For example (hypothetically), if 20 singles is enough to induce hypertrophy then i might increase the weight therefore reducing the number of reps possible and work back up to 20 and so on. However, if it turns out that 30 singles would be more appropriate then i would need to focus on getting out more reps with the same weight... it's just a matter of figuring out what the initial taget should be and that's why i asked if anybody has experience of hypertrophy with high volume singles.

Do you happen to know anybody with that sort of experience? I originally tried to post this thread in the powerlifting forum because i though those guys would be more likely to have done this kind of thing...


@BlueCollar - thanks for the response. Would you mind expanding on that for me?


These two articles (from Waterbury and Thibaudeau) talk about programs built around heavy singles:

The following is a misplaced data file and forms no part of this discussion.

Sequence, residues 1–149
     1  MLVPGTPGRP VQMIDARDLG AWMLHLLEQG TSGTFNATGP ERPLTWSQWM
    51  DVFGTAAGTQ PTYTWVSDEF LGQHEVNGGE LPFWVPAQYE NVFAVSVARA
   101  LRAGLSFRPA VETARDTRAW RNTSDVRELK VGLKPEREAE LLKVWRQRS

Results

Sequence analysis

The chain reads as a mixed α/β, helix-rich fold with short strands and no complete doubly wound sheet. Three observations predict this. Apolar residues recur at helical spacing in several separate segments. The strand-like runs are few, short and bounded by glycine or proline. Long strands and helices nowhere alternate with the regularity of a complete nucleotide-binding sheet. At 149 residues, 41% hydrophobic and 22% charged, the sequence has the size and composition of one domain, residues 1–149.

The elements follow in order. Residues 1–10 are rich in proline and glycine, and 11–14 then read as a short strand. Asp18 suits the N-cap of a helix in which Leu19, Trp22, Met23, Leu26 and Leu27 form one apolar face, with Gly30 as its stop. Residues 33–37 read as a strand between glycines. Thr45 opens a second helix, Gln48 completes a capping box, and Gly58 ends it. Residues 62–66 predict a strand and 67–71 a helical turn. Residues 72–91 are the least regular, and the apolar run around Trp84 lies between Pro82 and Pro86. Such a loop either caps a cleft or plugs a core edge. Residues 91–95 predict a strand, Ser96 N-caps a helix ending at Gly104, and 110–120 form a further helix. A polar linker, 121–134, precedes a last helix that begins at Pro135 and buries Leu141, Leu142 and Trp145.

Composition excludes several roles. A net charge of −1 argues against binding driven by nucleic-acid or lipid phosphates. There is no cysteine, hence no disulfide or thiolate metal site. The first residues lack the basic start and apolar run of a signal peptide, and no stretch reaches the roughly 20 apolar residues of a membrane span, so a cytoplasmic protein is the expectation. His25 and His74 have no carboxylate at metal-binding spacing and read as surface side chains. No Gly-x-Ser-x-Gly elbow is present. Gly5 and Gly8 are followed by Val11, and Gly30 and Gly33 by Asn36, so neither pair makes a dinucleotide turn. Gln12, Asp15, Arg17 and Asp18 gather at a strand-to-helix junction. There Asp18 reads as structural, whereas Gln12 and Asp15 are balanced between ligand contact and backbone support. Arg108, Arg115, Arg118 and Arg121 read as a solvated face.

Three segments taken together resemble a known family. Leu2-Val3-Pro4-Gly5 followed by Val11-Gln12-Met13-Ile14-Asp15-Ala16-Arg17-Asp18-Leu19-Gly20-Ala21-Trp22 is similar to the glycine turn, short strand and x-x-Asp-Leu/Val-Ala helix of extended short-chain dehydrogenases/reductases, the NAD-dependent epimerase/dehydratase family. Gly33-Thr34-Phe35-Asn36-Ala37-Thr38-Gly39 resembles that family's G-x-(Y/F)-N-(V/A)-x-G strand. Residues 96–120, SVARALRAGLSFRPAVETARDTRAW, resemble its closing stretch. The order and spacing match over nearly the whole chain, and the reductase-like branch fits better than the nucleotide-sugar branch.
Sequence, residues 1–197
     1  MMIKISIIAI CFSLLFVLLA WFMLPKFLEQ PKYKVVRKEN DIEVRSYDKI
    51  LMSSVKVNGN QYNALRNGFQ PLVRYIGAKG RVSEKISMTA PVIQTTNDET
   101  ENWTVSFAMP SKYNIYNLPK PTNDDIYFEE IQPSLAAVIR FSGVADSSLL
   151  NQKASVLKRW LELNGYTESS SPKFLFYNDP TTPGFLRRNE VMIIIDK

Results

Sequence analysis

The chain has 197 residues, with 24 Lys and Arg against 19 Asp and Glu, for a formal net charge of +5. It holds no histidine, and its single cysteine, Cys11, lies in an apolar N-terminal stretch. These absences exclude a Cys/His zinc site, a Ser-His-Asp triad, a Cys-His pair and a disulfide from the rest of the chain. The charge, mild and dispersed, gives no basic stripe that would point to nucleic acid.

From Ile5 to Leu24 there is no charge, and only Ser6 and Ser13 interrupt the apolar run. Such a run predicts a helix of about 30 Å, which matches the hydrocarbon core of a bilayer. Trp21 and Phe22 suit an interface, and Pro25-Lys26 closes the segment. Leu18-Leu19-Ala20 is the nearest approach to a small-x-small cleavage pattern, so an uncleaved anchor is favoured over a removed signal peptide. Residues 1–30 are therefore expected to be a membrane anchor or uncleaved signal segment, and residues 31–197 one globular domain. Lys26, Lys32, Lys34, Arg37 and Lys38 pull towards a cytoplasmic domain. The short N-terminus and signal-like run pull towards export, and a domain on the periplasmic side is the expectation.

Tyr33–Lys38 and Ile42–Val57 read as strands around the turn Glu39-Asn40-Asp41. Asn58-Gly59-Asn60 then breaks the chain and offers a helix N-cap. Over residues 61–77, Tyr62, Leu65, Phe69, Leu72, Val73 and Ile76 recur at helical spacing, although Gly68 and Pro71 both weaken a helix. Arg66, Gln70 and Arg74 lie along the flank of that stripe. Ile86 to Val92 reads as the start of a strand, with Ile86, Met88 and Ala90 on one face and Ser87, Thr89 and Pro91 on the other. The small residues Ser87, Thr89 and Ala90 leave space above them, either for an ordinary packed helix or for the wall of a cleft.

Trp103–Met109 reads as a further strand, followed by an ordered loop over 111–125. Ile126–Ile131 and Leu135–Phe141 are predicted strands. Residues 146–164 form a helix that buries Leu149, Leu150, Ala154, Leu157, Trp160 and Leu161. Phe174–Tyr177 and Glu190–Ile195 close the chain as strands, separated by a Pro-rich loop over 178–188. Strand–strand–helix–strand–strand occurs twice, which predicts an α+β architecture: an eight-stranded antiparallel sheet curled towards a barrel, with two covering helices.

Waterbury's approach increase the volume each week (adding one set), Thibs' approach manipulates the volume and/or density.

I think you felt that great because the weight was actually a little light for doing singles. If you were previously able to lift 220kg for 4 good reps, depending on how difficult that set was, it's safe to say it was at least your 5RM. Waterbury discusses using a 3RM, Thib's plan has to working up to an actual 1RM, doing work close to that, and then doing more work with a slightly lower percentage of that. Just some things to consider.


Hello Chris,

Tremendous response - that's exactly what i was looking for!

Cheers mate.


Low rep training with an extended rest interval is unlikely to 'accumulate' enough direct fatigue to promote hypertrophy.


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I tried something similar when I was doing Chaos and Pain style training. I kept the rest at one minute or less and I would just do 2-3 compounds and minimal assistance work. A typical workout would like like 10x3 front squats, 15x1 close grip bench, 3x6 hammer curl. Then the next day might be 12x2 deadlift, 10x3 barbell row, ab wheel. etc. I'd go 6 or 7 days a week like this.